9. I thought the premise, as described in the log line, works, and for me, it seems unique. The issue, for me, was clarity.

    I get what you're trying to do with the brownie, but I think it doesn't work because it's a brownie on a desk. Unless it's grown mold or something, there's no way to tell how long it's been there just by looking at it. Maybe she could take a bite or break it in two, which would give more of a sense of being there a while?

    "Where the hell have you been, Dr.King?" makes it sound like her boss is angry, but he doesn't act angry. So either make him act angry, of change the dialogue a bit so he doesn't come off as angry.

    The brownies again - she comes in and drops 'the' brownie on her desk, implying one bare brownie on the desk. Later, there are multiple brownies in a bag. Set up whatever the correct situation is from the beginning.

    I was under the assumption that she was the only one in the lab until her boss came in, then it turns out there are co-workers there. Wouldn't at least one of them have said hello when she came in, or commented on her being late? Maybe make it obvious when she comes in that there are other people there.

    Good luck!

  10. My feelings about this were similar to REG's. While the light and sassy tone overall it's something that works well here, I think it might need something weighty happening to anchor it. Right now I don't get any sense of anything meaningful in the main's life. I know that's an awful lot to ask in the first page, but without it I don't feel the human connection with her that I need to keep going.

    That being said, the writing is fluid and purposeful which makes it fun to read.

  11. I love the first sentence of the logline, but the second sentence really doesn't excite me. I love the personal element of the first sentence being about her being affected by the murder of a single alien. I'm tired of big epic plots about saving the solar system, so I think it's important that you keep the personal relationship feel of the first sentence when going to the second part about the suns. Suns can still be destroyed perhaps, but I'd be wary of it sounding like another generic save the universe plot.

    To me it's not obvious why gravity sucks to a post-doc. Is she already worried about sagging body parts?

    I like the interaction with the brownie that is interesting and builds relationship. It wasn't obvious to me who said the last line of dialogue, a simple "he said" or "she said" would help me there, as they are probably both doctors right? I like the humorous non overly sci-fi feel of the beginning. I'd at least read to find out what the conversation is!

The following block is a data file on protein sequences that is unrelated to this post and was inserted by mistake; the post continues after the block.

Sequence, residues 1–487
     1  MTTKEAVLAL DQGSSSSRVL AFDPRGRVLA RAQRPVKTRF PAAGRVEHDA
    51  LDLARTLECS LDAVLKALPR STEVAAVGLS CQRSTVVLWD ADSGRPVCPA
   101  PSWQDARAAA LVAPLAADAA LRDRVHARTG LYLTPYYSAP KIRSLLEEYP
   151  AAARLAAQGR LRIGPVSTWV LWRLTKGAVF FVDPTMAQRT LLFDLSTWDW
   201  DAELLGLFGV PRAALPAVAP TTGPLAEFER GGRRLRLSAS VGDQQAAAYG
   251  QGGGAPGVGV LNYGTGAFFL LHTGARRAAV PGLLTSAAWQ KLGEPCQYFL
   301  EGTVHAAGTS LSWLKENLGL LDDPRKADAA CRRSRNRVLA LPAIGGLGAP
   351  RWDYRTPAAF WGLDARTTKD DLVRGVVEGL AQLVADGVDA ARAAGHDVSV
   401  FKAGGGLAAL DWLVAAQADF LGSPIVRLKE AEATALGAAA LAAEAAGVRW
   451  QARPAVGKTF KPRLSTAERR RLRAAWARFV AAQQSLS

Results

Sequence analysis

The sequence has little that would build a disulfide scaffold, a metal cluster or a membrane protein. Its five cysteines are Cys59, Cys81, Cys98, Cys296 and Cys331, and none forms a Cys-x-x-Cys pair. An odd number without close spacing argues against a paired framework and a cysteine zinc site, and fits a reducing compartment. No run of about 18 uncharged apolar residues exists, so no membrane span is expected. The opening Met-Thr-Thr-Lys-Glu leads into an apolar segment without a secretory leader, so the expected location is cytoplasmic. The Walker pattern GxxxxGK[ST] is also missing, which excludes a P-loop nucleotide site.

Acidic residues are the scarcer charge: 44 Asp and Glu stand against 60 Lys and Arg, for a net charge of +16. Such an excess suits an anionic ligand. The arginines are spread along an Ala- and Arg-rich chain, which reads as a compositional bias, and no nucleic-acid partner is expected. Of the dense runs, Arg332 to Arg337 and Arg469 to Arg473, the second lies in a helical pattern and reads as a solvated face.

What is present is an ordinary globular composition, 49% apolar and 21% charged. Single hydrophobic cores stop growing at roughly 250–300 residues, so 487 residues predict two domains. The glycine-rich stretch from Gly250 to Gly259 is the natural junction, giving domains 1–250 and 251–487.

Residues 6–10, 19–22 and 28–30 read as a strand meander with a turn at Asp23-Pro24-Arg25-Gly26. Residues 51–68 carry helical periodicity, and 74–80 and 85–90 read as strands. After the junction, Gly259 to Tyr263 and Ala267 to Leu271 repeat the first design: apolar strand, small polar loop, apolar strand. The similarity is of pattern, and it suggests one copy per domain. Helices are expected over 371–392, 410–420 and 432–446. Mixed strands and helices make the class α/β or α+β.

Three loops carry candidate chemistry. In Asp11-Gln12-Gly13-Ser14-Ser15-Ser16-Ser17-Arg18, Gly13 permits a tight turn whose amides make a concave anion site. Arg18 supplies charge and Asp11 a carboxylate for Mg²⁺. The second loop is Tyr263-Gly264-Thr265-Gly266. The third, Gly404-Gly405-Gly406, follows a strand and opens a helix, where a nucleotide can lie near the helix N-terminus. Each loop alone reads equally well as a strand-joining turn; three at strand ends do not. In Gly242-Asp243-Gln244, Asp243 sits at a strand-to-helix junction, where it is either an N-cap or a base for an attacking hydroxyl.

12. As for the last line of dialogue, I know it says "Dr. King" in it, but I have't yet learned the names, so a simple "he said" tag I think would still be in order since it's been a while since the last bit of dialogue.

  13. The log line sounds exciting, with appeal to readers of this genre.

    I am usually in favor of humor in writing, but the funny exchange between the MC and her boss doesn't seem to fit with the conflict/high stakes/violence of the log line. And there isn't anything science fiction in the story so far. Her being a scientist isn't enough. References to a fox at a NRA convention are modern, not futuristic.

    The writing is strong but I think there should be more of a hint of science fiction in the material here.

    Nancy Bilyeau

  14. I love the line 'collection of celestial corpses'. I love it so much. Like other commenters, I liked the first line and didn't quite get the brownie line. I know exactly what you're trying to say - I've been that person trying to sidle in late with no one noticing - but the line doesn't quite get there for me. Overall, though, I think the voice here is really strong.

    Like Barbara above, I did think Dr Owen's speech sounded angry but he didn't come across that way to me. It just felt a little inconsistent and - if they don't get along - I didn't get a great sense of tension from the discussion.

    Best of luck with the auction!

  15. I know I'm late to the game so I'll try not to be too redundant.

    Loved the opening line and the humor. I agree with the others that the brownie bit is a little hard to follow. Maybe it would ring more true if it was a different food item? I like the idea of eating chocolate for breakfast what if it was a legitimate breakfast food but with lots of chocolate.

    Just have to say again: I love the humor. It's not something I'm good at so I appreciate it in others. Good luck!!

  16. I think you could tighten the logline. I’m not sure what her husband’s overall role is. How will this play into the story? Is it a major element to the story? If so, how does it factor into her actions?

    You have a great sense of voice for the character, but her motivation reads a bit vague—especially through her interaction with her boss. I think you could go deeper into her narration to raise the tension between them. To bring out the significance, through her perceptions, of what’s going on. Especially in terms of bringing out more for the world and their roles within it.

    You have a really intriguing premise—good luck!